Video

There's not much to say here aside from the fact that this won't steal the show. Nikon is certainly getting a bit more serious with video, but complaints about topping out at 10-bit, requiring external recorders, and no 4K at 60p still run around on the Internet and keep Panasonic GH-series fans going strong. But for those looking for a superb stills camera that can still shoot some great video with an ultra-flat profile such as N-LOG, it'll do the trick.

[Update]: Nikon's Target Market

Summarized by NikonRumors, an interview on the Japanese website, Mynavi.jp, with Nikon Imaging Business Development Department Director Mr. Hiroyuki Ikegami led to an interesting bit of information that suggested the Z6 and Z7 are not necessarily meant to be Nikon's main professional camera. Ikegami's "Count on it" reply about a question of whether or Nikon will release a D5-esque professional body corroborates earlier suggestions that Nikon's newest mirrorless cameras are aimed at high-end enthusiasts as opposed to outright professional users. However, it would not be wise to assume such a camera would come anytime before or even possibly as soon as a D6 announcement, let alone during this current time of the D5.

Final Thoughts

I have mixed feelings on the mirrorless announcement. No matter what, it's incredibly exciting. Nikon is finally in the game. It's hard to join the game a few years late and win your first time. And that's where we are now. There's no doubt that these cameras are incredibly capable and will produce great images. And they are, in fact, lighter and smaller than their DSLR counterparts. But is that enough to take away some of the other features and switch to an entirely new, far-from-matured lens system? I'm not sure. A lot will of my final judgment simply has to be reserved for the full review, as a lot depends on how well that FTZ adapter and the new autofocus system really work.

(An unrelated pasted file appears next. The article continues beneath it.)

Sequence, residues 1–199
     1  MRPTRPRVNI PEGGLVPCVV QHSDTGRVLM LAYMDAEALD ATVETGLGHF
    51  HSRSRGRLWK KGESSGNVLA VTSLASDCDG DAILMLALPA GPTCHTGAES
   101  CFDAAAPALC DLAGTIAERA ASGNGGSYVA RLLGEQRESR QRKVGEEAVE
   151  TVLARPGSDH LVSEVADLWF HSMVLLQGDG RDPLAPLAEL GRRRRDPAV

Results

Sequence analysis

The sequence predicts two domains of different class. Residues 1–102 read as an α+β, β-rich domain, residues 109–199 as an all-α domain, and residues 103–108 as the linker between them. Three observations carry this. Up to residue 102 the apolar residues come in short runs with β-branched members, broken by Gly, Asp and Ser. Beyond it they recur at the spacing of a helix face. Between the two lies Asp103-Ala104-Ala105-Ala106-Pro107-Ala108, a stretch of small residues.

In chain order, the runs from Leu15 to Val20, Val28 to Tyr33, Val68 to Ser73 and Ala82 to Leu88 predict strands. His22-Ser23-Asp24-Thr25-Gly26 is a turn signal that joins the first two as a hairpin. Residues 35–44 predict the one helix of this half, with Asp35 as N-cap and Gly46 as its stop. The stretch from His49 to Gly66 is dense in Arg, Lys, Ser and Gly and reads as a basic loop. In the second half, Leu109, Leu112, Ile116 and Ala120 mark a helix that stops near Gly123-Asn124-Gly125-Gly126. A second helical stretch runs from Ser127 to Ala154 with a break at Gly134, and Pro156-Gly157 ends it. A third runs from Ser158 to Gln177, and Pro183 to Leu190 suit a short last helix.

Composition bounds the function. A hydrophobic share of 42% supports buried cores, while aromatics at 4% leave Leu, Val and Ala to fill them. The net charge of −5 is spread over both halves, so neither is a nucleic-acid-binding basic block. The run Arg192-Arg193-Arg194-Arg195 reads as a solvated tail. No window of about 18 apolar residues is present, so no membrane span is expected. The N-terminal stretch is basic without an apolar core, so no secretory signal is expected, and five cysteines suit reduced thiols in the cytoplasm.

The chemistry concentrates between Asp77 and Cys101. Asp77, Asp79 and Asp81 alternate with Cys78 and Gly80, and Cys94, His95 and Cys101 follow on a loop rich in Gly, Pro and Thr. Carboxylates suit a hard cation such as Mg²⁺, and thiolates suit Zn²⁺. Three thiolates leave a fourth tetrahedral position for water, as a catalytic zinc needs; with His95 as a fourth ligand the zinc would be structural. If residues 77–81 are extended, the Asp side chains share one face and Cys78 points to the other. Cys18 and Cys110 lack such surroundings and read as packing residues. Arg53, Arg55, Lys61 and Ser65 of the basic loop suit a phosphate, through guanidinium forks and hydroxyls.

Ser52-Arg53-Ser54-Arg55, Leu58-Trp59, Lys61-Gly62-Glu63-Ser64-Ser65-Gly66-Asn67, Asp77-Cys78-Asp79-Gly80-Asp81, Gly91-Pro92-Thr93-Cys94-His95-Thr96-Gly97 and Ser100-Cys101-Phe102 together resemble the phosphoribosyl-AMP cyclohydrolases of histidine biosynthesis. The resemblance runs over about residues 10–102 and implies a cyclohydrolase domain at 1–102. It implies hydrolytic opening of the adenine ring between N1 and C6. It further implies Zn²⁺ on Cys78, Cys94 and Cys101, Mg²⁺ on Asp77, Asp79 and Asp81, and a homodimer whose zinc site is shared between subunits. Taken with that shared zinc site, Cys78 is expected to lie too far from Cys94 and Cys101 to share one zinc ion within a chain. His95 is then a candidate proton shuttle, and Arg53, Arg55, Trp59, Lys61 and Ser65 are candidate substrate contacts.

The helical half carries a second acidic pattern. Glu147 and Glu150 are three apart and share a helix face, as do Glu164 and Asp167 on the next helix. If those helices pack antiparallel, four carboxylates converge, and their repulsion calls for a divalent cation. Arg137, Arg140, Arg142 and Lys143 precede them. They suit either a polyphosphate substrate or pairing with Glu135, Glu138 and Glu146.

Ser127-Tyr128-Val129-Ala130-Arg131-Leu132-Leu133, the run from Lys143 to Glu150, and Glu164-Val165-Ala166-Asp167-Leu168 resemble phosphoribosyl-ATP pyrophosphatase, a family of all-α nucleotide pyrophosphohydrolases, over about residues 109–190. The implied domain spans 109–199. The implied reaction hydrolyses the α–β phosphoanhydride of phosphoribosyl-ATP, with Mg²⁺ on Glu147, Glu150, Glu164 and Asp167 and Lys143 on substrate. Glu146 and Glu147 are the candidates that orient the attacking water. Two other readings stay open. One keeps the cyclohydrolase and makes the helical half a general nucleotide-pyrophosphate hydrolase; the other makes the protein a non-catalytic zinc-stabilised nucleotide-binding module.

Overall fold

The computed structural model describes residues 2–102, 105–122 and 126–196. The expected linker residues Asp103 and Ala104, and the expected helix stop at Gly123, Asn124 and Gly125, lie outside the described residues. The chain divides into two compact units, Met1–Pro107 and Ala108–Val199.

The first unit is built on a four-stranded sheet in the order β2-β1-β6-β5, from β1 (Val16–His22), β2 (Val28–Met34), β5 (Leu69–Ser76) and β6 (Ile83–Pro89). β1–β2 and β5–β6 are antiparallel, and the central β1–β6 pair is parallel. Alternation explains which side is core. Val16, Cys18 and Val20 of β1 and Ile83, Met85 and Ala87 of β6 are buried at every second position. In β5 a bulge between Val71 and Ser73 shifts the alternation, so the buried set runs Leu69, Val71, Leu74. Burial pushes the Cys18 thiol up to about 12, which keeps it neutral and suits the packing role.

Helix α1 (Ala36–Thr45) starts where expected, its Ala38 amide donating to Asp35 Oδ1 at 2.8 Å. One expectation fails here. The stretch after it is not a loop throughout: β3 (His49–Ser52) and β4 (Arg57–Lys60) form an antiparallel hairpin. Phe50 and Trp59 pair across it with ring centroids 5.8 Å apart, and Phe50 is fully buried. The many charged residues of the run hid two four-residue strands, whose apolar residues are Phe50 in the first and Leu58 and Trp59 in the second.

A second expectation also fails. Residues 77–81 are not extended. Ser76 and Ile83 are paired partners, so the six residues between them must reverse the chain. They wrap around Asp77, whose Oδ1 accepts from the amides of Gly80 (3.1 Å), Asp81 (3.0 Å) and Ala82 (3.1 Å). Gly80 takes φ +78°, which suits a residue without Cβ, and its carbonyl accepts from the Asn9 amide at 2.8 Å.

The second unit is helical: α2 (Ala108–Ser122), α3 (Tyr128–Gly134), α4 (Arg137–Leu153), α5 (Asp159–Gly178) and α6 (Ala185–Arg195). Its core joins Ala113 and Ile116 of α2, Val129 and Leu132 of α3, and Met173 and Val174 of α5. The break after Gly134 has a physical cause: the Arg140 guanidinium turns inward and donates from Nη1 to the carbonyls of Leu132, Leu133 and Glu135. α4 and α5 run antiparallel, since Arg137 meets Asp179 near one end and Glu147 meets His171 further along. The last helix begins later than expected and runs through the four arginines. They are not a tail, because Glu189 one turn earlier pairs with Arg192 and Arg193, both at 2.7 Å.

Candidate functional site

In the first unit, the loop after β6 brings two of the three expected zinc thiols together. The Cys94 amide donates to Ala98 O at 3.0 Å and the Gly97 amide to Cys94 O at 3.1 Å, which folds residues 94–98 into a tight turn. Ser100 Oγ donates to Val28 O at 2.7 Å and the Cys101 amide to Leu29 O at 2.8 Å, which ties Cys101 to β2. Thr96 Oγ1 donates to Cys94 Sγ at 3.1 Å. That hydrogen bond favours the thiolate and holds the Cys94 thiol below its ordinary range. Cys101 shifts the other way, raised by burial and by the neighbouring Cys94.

This article will still be updated as more details become more clear. But given what we have had the chance to digest at this point, how do you feel about Nikon's first professional, full-frame, mirrorless camera?

All kinds of combinations of the new Z6 and Z7 bodies and lenses can be pre-ordered right now. Check out our pre-order post to find them all.

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54 Comments

Previous comments
Anthony Cayetano's picture

My XQD (Lexar 64GB) failed on a wedding shoot with a D500. Almost made a Flame Vlog about it but fortunately, I had an SD backup (even though they were just for storing JPEGs). Yes, SDs are not as physically durable, but having dual slots still is relevant. I use RAID for my backups because even though I use WDs Server-class hard drives, they still DO fail. Full stop.

Michael Deslippe's picture

We'll, I'm thrilled to read a review where the author isn't drilling and tripping over himself talking about the new cameras. Thank you for an insight review. I'm a Canon shooter and the 850 has made me take stock and continue switching. I am curious about two things: will the Z series stand up to a? I have no Simon lenses and so don't mind the new system since a switch would require a complete restocking in any event. I also love the engineering of the new less mount, it has huge potential, imagine 4mm and 6mm lenses with no bringing. Second question, do they also plan a lens adapter for Canon (or non-Nikon lenses) or will they wait on metabones to invent something?

Adam Ottke's picture

I'm sorry, but I'm not sure I can make out your first question with the apparent typo. But as for developing adapters for other lenses, I highly doubt Nikon would ever make an adapter for third-party or non-Nikon lenses. That would go against creating sales for themselves. Likewise, Canon wouldn't product a lens converter for a Nikon camera, either. You can expect third-party manufacturers to come out with their own solutions, though. And perhaps some companies that are mostly known for lenses such as Sigma will also come out with adapters to mount their own lenses to systems such as the new Nikon mirrorless cameras.

Francisco Hernandez's picture

Its AF will only do -1EV unless the lens paired is f2 or faster. You read that right. So your $2500 70-200 and 24-70 2.8 lenses will only work down to -1EV. In 2018...

It’ll do -4EV with f/2 or faster lenses.